BTW, I shared your site on my FB page. Dockless bikes caught a lot of negative publicity, in part driven by folks with a vested interest in the regulated docked bike system. But there's a potentially valid place for dockless bikes. I'm hoping your website will persuade some folks not to disparage the mere appearance of Ofo and Lime bikes in public, or worse, vandalize them and toss 'em in the river, as some local college students videoed themselves doing. These abandoned/liberated dockless bikes could help low income folks get affordable and useful transportation.
Thank you for sharing it.

I share the same opinion about dockless, though I do think the business model is very difficult to make any sort of profit on.

Still, I can think of more than one occasion where I've cursed out fate (and the local government) for all but making them disappear - I could have used one during those moments.

-Kurt
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Old 06-10-19, 07:29 PM
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Yeah, the business model for dockless-anything is sketchy. But there's nothing wrong with taking advantage of a good opportunity to salvage some useful bikes.

Heck, this kinda tempts me to see if I can buy one locally. If it works out I might consider selling my Globe Carmel comfort hybrid errand bike. The step-through frames of city rental bikes are more practical for hauling groceries.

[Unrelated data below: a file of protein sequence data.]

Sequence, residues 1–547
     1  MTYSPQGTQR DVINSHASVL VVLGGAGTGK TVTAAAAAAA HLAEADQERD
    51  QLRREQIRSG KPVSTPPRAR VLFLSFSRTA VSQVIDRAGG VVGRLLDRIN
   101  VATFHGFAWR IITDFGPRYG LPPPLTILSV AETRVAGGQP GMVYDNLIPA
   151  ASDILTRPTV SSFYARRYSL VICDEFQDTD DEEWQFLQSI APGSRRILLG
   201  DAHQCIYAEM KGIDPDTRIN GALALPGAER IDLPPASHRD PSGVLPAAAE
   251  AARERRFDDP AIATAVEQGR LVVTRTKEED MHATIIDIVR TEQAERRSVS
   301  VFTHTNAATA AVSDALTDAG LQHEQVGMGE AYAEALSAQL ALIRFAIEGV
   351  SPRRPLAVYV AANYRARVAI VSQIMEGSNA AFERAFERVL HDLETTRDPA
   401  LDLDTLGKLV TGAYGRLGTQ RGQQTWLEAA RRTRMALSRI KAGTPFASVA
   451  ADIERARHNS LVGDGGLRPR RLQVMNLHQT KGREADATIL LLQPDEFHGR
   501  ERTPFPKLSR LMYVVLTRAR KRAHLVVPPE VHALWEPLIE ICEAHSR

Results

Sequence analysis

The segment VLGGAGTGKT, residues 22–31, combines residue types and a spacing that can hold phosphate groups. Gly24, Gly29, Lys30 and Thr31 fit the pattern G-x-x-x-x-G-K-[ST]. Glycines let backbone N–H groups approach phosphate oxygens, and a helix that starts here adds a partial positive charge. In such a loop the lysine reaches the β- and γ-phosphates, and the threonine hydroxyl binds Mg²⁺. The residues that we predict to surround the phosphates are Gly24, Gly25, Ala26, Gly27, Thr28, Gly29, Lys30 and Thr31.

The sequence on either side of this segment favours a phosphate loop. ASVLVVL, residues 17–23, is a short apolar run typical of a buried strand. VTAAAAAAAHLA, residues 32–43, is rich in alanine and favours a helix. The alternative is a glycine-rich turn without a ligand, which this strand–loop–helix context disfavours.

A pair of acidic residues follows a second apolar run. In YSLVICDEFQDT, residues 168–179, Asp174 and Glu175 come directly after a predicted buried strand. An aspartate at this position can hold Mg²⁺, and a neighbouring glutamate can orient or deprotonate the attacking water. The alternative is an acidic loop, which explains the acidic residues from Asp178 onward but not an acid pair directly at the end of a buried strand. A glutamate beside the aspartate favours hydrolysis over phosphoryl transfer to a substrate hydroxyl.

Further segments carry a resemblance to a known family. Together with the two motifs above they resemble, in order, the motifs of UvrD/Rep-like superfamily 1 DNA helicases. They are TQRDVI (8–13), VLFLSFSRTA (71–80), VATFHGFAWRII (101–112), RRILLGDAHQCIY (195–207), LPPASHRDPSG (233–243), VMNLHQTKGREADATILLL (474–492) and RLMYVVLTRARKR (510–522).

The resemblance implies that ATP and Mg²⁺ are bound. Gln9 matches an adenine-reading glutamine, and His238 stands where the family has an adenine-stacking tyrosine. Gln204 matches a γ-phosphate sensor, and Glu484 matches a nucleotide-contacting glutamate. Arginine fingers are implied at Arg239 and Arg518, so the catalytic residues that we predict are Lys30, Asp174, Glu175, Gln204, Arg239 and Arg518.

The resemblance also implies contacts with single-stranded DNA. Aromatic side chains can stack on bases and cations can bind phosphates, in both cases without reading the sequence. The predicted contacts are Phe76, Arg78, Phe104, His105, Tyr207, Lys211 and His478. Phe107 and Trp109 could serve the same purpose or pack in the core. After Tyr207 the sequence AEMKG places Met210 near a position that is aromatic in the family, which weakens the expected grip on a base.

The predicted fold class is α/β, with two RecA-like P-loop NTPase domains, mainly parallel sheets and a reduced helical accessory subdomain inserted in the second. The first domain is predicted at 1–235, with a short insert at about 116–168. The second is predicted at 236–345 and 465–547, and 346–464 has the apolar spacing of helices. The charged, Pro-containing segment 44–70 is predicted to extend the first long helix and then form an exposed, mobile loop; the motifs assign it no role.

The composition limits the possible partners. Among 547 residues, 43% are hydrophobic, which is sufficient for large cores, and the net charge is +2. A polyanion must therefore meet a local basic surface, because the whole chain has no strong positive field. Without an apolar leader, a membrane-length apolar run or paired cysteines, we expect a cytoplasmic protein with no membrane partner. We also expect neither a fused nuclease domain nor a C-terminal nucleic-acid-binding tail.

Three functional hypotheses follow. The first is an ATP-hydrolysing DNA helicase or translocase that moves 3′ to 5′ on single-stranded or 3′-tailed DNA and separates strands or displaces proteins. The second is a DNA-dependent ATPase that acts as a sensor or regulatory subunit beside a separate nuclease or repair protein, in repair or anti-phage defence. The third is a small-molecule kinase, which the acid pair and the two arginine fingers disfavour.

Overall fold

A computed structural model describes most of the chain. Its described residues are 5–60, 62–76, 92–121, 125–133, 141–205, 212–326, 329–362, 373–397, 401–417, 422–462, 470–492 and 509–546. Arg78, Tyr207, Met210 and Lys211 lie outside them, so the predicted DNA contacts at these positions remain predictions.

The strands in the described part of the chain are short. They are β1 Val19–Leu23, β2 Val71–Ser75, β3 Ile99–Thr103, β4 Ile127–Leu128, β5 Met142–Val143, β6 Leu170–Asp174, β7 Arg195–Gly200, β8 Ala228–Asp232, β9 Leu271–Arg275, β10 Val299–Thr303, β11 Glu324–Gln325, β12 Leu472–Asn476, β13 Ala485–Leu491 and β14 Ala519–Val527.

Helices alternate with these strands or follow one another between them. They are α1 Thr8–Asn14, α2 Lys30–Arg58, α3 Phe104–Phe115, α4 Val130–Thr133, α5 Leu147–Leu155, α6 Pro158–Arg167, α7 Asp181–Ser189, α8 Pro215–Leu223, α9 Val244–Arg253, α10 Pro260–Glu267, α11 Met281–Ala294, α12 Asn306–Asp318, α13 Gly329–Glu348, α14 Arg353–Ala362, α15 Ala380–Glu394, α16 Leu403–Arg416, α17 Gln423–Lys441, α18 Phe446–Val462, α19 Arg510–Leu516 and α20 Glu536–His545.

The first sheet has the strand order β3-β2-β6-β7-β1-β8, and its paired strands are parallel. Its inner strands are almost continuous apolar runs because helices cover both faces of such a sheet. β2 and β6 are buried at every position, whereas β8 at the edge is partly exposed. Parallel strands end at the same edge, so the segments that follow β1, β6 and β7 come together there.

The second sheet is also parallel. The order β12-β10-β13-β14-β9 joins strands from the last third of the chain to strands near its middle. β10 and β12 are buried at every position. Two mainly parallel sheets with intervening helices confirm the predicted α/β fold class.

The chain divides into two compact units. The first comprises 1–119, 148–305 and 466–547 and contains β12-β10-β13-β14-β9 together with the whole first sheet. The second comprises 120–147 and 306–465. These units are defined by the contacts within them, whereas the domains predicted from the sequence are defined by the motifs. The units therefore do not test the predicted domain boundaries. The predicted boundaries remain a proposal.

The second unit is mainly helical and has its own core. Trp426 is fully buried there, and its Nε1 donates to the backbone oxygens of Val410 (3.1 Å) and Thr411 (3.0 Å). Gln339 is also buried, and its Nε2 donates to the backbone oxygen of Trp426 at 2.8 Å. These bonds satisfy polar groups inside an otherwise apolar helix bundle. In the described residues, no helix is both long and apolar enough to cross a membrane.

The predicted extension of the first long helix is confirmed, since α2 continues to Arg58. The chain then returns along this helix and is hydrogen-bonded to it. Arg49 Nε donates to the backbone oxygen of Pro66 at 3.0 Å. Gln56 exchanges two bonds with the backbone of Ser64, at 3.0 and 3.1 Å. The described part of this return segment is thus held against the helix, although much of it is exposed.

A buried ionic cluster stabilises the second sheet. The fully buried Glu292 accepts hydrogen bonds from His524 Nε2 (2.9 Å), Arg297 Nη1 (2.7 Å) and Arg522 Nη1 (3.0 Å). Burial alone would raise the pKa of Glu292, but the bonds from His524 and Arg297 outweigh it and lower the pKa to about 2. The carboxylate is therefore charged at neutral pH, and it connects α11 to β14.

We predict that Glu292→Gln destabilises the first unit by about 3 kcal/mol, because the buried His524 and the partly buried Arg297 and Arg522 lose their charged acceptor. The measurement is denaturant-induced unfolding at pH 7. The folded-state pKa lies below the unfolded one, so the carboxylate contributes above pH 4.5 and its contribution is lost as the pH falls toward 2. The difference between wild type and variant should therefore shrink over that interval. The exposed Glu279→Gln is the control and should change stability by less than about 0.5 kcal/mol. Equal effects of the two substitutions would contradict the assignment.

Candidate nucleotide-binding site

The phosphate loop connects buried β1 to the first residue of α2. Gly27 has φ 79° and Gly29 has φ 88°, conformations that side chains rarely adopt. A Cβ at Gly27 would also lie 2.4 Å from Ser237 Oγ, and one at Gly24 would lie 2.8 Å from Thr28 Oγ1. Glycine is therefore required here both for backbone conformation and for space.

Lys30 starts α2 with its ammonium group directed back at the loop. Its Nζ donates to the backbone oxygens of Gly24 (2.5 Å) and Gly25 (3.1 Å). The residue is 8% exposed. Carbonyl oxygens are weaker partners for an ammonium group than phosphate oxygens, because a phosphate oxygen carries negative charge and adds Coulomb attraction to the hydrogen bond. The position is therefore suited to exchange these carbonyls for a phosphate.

Toughest part of my errand bike rides is hoisting an aging leg over the back of the bike after it's loaded with up to 50 lbs of stuff on the rear rack. And the Globe's sloping top tube isn't quite low enough to flip a leg across without snagging my foot and stumbling. Usually I walk the loaded bike to a curb and step up to gain a little height to swing my leg across the bike.
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Old 06-10-19, 07:41 PM
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Originally Posted by canklecat View Post
Yeah, the business model for dockless-anything is sketchy. But there's nothing wrong with taking advantage of a good opportunity to salvage some useful bikes.

Heck, this kinda tempts me to see if I can buy one locally. If it works out I might consider selling my Globe Carmel comfort hybrid errand bike. The step-through frames of city rental bikes are more practical for hauling groceries.

Toughest part of my errand bike rides is hoisting an aging leg over the back of the bike after it's loaded with up to 50 lbs of stuff on the rear rack. And the Globe's sloping top tube isn't quite low enough to flip a leg across without snagging my foot and stumbling. Usually I walk the loaded bike to a curb and step up to gain a little height to swing my leg across the bike.
Where in Texas are you? A&M had a bunch of them, and the Dallas ofos are for sale in Richland Hills. The Dallas models have the Sturmey drum brake rear hubs.

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Old 06-10-19, 08:11 PM
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I'm in Fort Worth. I may check those out. Thanks.